The streets of Toul are laid out haphazardly, in such a way that it is almost impossible to take a short cut between any two places within the city’s ramparts. This is not an unusual feature of old cities in Europe of course, and navigating through their back streets is always challenging because there is no distant line of sight to use as a bearing.
There are only two states of being while walking in the old part of town; one either knows where one is, or one is lost!
The cathedral doesn’t help matters much either or perhaps it even conspires to make things worse. It towers over the town like, well very much like a cathedral really, dominating the cityscape with it’s immense proportions, but because the streets are so narrow and the houses quite tall, it isn’t visible from any where that would make it useful as a navigation beacon from anywhere inside the town limits. Instead, it seems to crouch down so that it can’t be seen until the unsuspecting traveller turns the very last corner, into the tiny square beside which it has been shoe-horned, and then it suddenly appears as if from nowhere.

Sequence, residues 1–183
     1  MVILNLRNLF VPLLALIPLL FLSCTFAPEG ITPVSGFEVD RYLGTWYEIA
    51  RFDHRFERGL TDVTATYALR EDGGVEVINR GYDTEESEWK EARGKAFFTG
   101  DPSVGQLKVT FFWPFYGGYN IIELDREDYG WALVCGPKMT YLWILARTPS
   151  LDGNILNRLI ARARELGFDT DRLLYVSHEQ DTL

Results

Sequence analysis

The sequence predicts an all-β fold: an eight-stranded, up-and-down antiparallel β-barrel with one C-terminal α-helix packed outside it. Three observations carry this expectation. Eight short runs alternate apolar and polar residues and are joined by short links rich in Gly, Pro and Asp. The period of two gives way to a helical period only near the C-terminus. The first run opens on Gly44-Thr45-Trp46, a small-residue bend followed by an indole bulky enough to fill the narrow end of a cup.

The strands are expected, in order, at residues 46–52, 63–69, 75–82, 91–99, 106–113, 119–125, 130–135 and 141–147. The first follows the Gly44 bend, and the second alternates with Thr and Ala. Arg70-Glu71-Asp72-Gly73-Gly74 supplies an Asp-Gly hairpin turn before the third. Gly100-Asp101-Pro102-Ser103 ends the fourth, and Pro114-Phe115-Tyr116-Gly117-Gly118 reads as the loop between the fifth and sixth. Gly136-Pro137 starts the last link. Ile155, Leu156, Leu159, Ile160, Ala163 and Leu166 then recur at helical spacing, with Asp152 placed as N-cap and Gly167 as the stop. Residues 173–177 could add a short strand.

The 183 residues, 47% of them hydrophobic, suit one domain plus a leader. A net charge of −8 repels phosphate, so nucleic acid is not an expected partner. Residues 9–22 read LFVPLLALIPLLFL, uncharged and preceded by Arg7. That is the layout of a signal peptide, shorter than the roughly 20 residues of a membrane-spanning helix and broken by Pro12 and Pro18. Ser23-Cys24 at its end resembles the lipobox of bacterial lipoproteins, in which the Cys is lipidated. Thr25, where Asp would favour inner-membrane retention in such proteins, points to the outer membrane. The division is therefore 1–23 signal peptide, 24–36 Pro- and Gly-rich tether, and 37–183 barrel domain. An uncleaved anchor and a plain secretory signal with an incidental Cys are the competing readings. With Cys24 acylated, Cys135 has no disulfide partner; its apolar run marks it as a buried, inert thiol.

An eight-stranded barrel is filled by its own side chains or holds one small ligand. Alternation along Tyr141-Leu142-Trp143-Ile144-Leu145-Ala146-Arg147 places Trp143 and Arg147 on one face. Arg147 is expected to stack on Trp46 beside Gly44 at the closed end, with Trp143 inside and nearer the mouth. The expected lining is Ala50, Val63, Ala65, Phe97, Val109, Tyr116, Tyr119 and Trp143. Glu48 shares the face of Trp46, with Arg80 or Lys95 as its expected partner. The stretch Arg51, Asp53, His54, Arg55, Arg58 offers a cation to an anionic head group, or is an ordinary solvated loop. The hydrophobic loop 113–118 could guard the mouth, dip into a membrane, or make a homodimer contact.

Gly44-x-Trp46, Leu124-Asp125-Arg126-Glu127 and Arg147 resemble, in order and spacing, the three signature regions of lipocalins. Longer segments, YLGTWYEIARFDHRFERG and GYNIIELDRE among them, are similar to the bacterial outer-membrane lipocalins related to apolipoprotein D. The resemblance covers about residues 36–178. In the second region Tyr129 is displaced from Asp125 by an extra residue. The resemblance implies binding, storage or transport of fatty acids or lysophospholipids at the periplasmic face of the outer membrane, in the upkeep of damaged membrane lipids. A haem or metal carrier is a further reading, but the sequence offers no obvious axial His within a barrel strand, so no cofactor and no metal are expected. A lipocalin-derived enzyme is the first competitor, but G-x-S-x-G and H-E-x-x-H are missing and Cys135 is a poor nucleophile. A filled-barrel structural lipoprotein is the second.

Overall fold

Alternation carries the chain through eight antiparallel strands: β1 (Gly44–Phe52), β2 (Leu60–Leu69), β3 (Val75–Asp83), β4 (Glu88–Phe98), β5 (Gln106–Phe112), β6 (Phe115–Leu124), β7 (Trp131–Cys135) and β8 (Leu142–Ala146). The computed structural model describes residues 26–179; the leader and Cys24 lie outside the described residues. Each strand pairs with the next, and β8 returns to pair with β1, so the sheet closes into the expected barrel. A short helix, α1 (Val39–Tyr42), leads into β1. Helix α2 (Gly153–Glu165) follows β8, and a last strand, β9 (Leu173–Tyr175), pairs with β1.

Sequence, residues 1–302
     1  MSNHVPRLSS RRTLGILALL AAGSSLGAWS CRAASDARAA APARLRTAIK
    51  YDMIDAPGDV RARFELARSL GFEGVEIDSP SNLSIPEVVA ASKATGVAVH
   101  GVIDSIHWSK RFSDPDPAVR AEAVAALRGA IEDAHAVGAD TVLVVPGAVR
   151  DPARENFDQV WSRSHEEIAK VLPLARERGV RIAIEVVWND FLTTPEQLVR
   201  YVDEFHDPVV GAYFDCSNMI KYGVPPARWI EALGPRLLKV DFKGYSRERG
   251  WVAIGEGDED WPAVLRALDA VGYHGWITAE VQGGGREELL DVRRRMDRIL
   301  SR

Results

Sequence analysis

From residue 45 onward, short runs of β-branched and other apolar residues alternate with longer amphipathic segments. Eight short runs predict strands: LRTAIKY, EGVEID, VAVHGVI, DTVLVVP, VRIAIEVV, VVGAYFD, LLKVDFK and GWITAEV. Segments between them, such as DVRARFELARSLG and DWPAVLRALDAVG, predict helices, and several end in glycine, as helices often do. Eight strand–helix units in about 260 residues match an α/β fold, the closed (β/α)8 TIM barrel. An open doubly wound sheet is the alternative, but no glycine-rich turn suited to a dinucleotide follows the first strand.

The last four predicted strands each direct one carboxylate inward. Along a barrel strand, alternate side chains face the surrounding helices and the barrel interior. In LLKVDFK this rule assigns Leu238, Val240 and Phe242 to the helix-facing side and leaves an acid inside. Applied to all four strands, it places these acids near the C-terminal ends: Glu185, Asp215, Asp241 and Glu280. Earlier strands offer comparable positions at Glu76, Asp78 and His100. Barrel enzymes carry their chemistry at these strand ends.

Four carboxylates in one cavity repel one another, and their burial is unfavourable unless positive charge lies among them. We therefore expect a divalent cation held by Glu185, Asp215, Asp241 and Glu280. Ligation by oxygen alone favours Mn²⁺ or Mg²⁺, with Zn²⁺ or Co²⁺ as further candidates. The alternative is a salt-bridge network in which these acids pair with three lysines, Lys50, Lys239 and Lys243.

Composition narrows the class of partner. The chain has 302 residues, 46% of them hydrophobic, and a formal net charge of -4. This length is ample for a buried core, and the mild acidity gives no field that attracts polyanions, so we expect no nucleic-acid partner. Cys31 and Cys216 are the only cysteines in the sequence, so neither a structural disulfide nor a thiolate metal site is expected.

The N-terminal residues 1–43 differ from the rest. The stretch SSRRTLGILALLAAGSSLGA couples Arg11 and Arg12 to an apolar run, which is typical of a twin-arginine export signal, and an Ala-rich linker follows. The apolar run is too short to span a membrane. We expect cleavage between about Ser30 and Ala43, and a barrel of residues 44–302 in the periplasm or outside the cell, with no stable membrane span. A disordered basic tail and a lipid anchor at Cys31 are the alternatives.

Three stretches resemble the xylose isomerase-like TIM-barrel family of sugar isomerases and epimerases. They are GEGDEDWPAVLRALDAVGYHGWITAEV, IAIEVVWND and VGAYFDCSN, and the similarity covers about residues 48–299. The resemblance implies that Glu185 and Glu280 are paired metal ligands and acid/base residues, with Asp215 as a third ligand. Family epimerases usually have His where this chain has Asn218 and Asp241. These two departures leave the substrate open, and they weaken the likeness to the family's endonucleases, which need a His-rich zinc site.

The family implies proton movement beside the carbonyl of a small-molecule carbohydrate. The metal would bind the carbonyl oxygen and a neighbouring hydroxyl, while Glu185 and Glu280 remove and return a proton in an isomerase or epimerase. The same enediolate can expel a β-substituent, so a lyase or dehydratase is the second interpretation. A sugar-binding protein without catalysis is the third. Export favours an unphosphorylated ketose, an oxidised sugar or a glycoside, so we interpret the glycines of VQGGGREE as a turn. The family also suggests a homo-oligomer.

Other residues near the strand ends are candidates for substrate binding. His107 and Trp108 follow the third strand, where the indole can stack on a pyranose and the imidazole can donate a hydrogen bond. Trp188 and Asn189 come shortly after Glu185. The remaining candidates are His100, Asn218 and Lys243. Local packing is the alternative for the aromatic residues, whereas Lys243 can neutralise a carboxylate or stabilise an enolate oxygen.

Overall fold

Graham couldn’t have been given a bigger fright when we turned the corner today if the thing had suddenly shouted “Boo!”
But then we watched with something approaching joy, as we have done many times before as the “old builder” recovered from the surprise and simply stood as if transfixed, his eyes tracing every detail, his mind racing as he contemplated the marvels of engineering and the skill of the craftsmen and the feats of the labourers that had combined to create this edifice.
Then, on cue after the few minutes we knew it would take for his emotions to catch up with his brain and for his pronouncement to be made, it came:
“Oh. That’s Magic!” He breathed.
No one can summarise the impact of centuries old architecture on modern humans more succinctly than Graham.